Science

The future of healthcare, a question of balance between AI and robotics

Technology is about to revolutionize and revolutionize the healthcare sector: innovations in artificial intelligence or robotics promise to transform diagnostics and care for physicians.

According to a CB Insights report, we have seen an explosion of AI use cases in healthcare in recent years, especially in the wake of the pandemic.
Whether it’s cheaper, faster, better MRI, CT scans or telepathology… These new technologies have the potential to change the way pathology labs work, and AI has a critical role to play.

Faster and better diagnostics

Given that misdiagnosis can have potentially fatal consequences, the promise of AI to improve the diagnostic process presents a very attractive alternative.
With the help of AI, scans are converted into a personalized 3D model that helps doctors accurately study blood flow.
In radiology, computer vision can help detect abnormalities in medical scans and improve diagnosis.

On the other hand, a machine learning algorithm built by an MIT-led research team can now analyze 3D scans 1,000 times faster. Such applications could prove to be extremely valuable, as image analysis is currently a tedious and time-consuming process for clinicians.

Better Decision Making

By providing much-needed actionable insights based on data analytics, AI can help healthcare workers by enabling them to make better decisions.
However, the main concern remains accessibility as well as data protection to avoid any misuse. Therefore, it is necessary to provide for a sufficient number of interventions and checks.
Platforms and governance models should be designed to provide good flexibility in protecting personal data.

Faster discovery with simplified administrative procedures

With serious diseases like cancer, every minute counts. AI-based solutions can not only provide early detection of diseases, but also help predict the right treatment.

Currently, medical processes are tedious, repetitive and time-consuming. Technologies such as automatic speech-to-text transcription can help doctors, nurses, and support staff.
Of course, rather than blindly automating existing processes, the focus should be on eliminating unnecessary or redundant processes by providing direct, real-time processing.

Making the Most of AI in Healthcare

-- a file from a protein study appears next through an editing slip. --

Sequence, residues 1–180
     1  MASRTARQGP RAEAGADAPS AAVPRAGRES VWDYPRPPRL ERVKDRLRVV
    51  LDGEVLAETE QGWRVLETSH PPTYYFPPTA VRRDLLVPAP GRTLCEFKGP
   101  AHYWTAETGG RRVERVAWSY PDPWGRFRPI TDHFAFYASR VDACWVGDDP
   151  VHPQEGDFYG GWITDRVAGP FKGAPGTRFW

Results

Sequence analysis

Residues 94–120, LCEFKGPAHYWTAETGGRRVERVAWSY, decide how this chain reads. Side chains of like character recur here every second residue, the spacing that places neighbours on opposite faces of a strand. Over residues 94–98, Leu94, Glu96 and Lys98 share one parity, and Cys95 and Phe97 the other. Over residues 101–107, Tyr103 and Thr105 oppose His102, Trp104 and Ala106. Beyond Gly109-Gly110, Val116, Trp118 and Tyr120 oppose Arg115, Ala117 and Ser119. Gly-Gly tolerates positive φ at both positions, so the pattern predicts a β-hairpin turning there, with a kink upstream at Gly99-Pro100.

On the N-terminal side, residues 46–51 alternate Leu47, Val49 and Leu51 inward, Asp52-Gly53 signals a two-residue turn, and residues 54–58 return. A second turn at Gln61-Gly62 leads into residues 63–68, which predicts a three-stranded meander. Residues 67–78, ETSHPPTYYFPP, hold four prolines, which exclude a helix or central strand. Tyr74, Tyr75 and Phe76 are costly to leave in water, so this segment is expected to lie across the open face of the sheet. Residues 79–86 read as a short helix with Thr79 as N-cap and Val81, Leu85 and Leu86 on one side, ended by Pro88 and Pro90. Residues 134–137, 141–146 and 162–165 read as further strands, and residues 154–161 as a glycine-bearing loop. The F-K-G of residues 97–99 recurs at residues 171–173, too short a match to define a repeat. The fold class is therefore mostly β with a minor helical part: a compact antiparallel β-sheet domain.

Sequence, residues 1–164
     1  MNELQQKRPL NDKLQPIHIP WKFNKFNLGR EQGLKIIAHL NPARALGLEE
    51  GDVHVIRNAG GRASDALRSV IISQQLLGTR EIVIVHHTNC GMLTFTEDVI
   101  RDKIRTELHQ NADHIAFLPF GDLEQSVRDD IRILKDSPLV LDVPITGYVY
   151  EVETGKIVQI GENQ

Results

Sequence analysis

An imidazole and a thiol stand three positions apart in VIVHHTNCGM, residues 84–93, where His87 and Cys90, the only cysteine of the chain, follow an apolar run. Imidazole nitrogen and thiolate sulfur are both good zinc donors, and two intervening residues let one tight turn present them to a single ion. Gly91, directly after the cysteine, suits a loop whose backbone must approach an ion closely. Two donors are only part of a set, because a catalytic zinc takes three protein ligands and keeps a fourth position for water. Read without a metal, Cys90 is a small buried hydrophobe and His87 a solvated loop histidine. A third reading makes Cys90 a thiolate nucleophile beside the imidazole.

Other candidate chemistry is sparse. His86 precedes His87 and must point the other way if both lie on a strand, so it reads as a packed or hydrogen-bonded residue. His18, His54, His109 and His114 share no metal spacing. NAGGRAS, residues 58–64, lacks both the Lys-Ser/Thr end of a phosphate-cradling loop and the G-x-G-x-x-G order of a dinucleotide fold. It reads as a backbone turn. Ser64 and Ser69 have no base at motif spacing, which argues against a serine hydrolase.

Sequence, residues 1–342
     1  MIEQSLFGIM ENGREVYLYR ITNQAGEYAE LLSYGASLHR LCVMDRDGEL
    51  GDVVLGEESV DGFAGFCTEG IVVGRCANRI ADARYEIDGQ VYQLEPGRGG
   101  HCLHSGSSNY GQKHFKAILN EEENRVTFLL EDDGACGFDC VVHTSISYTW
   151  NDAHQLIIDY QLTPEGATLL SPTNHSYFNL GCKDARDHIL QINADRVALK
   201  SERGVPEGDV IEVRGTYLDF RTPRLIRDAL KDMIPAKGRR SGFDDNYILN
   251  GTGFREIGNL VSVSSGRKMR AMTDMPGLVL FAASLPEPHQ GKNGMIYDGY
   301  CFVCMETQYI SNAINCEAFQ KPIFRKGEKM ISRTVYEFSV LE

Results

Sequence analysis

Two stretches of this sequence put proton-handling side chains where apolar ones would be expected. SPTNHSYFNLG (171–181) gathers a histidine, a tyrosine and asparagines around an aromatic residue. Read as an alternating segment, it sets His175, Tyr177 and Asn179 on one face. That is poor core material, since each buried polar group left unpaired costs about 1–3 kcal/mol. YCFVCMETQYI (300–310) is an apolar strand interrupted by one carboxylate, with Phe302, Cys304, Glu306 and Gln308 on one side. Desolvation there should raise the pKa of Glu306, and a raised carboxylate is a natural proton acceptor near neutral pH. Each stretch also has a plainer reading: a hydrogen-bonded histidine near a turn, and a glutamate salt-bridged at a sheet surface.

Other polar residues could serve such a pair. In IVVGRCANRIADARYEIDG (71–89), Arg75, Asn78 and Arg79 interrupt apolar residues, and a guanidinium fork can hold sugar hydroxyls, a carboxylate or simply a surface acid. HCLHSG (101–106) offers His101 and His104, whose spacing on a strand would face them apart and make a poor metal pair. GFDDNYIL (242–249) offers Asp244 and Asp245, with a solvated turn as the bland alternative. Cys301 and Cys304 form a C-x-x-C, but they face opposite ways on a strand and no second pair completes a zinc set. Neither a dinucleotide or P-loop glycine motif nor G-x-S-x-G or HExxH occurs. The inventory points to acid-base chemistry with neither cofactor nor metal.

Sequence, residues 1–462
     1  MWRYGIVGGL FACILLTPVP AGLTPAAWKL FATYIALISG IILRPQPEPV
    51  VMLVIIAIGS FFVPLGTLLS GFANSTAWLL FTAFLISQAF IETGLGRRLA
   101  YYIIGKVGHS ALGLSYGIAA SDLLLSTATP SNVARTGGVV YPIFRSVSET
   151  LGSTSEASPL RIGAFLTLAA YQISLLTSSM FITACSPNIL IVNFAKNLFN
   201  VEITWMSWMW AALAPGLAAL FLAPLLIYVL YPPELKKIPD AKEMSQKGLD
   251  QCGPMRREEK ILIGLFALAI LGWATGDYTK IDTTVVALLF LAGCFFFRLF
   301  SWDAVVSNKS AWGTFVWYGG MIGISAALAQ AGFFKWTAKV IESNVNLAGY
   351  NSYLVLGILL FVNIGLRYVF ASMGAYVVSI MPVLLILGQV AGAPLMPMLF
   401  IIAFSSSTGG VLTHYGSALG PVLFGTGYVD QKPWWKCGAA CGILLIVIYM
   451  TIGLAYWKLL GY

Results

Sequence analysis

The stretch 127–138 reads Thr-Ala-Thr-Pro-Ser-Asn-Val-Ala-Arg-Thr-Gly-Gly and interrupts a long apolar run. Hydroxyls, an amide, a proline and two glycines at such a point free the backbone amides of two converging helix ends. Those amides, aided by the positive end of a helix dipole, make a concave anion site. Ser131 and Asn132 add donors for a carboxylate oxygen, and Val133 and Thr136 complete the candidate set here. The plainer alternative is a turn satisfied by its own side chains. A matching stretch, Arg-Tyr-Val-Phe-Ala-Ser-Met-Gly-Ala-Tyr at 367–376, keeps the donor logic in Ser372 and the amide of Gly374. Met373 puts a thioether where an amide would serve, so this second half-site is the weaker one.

While AI has huge potential in healthcare, it now has to address certain issues, especially in terms of privacy and ethics. Given the highly personal nature of healthcare, it is essential to earn the trust of patients when it comes to using machines for diagnosis and treatment.

From a broader technological perspective, here are a few ways healthcare providers can prepare to make the best use of AI in their business.

>> Creating a data lake. Consolidating data as a data lake gives you the flexibility to use it for different use cases. Even if it is not for immediate use, having the necessary analysis capabilities can be very helpful.

>> Establish data privacy protocols: With the rise of automation, it is important to have detailed, established and internal privacy protocols.

>> Training: It is very important to educate all participants in the healthcare ecosystem on the correct use of information. Otherwise, it may lead to unforeseen consequences that can cause serious damage.

From a regulatory perspective, government agencies are already setting up forums and committees, among other things, to put in place control and governance mechanisms to prevent misuse of data.

AI and machine learning have proven to be fundamental to the early diagnosis of serious diseases and have radically improved the accuracy of correct diagnoses. This transformation has had a real positive impact on patients. With a combination of new AI innovations, a growing shortage of skilled healthcare professionals, and a rapidly aging world population, AI in healthcare is here to stay.
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Subhro Mallik, Senior Vice President and Head of Life Sciences at Infosys

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Advanced AI and cybersecurity.

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